Payments security providers and mobile card reader vendors alike will watch with much interest from the sidelines as iZettle AB tries to resolve its restrictions from Visa Europe for processing Visa transactions in the company's core market.

Stockholm-based iZettle introduced a card reader that attaches to mobile devices in regions of Europe more than a year ago, similar to what Square Inc. offers in the U.S. to merchants in need of a way to accept credit card transactions.

But Visa Europe this week cited failure to meet undisclosed requirements in restricting iZettle from processing Visa transactions, the most popular type in Europe, in Finland, Denmark and Norway, while allowing those transactions in Sweden.

From all signals, it appears iZettle's chip-and-signature reader's inability to accept chip-and-PIN is the key factor in Visa Europe's restriction, which begins Aug. 1.

Jacob de Geer, CEO of iZettle, would not say exactly what objections he received from Visa Europe, which is independent from Visa Inc. The companies have been discussing the issue for some time, but "unfortunately, we didn't find a short-term solution," he says.

Jumio Inc., a Mountain View, Calif.-based company that enables payments through webcams and smartphone cameras, has nothing at stake in iZettle's problems with Visa Europe, says CEO Daniel Mattes.

Mattes says he considers himself an interested observer, because the conflict may determine which security methods ultimately "win out" through the process.

"This industry is very complicated, with new policies and regulations all of the time," says Mattes.

Mattes says iZettle was likely not prepared for Visa Europe's directive that EMV transactions in Europe must include PIN transaction capabilities, since iZettle's reader does not include a PIN entry device at this time.

"The new cards and security measures vary from country to country, but generally the PIN codes are being added as another layer of security," Mattes says.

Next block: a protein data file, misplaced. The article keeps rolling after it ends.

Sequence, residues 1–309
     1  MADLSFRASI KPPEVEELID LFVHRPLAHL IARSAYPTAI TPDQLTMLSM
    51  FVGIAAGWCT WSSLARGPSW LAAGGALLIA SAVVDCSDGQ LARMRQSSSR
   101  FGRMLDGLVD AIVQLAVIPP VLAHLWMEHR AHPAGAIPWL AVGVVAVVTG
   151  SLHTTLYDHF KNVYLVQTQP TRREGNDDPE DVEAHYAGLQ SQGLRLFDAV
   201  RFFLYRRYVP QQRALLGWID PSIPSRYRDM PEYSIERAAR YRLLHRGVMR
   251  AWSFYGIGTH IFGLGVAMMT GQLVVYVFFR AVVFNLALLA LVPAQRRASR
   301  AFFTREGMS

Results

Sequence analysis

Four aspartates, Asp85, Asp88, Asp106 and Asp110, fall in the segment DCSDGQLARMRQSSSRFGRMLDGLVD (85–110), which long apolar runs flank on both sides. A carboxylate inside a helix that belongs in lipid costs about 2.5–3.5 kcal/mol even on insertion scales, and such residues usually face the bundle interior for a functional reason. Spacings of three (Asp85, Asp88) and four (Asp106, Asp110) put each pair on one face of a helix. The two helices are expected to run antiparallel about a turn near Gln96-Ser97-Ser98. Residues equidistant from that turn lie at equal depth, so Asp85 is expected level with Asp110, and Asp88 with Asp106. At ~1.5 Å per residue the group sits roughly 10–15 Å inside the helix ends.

These differences are illustrated by the fact that iZettle can still accept Visa transactions in Sweden, Mattes says. "It will be interesting to find out why Sweden was OK, but the other countries were not," he adds.

Visa Europe insists on PIN transactions in a manner in which the consumer has to enter his code on an EMV-certified device, not on the phone itself, Mattes adds.

An iZettle rival, London-based mPowa Inc., views the company's setback as an opportunity, especially because mPowa touts a mobile card reader system capable of accepting PIN codes.

"iZettle is out at this time, making us the only game in town and we're thrilled about it," mPowa CEO Dan Wagner says.

Wagner has demonstrated enough confidence in mPowa's performance in Europe that he is starting to make a move into the U.S. market.

MPowa offers merchants a magnetic-stripe reader that can be plugged into the phone's headphone socket or a chip-and-PIN device that communicates with the phone through Bluetooth.

Instead of swiping a card, the merchant offering chip-and-PIN would hand the reader to the customer. The device prompts the consumer to key in a PIN before removing the card from the device.

In addition to having PIN capabilities, mPowa added Google Inc. Android support this week, which Wagner claims makes his mobile payments company the first in Europe to accept all major credit and debit cards through Android and Apple devices.

"Android is a great platform to add, and I don't know why some others have not embraced it," Wagner says.

The Android expansion "is clearly good news" for mPowa because platform independence is important for any system seeking widespread acceptance, says Zil Bareisis, a London-based senior analyst with research firm Celent.

However, mPowa may have to "double down" on security because the Android platform "seems to be more prone to malware and security concerns," Bareisis adds.

As for iZettle's woes, Bareisis says he was surprised to hear about the Visa restrictions, considering iZettle had been doing business in its market for the past year.

"If this can't be resolved, it's a pretty big blow for iZettle," he adds.

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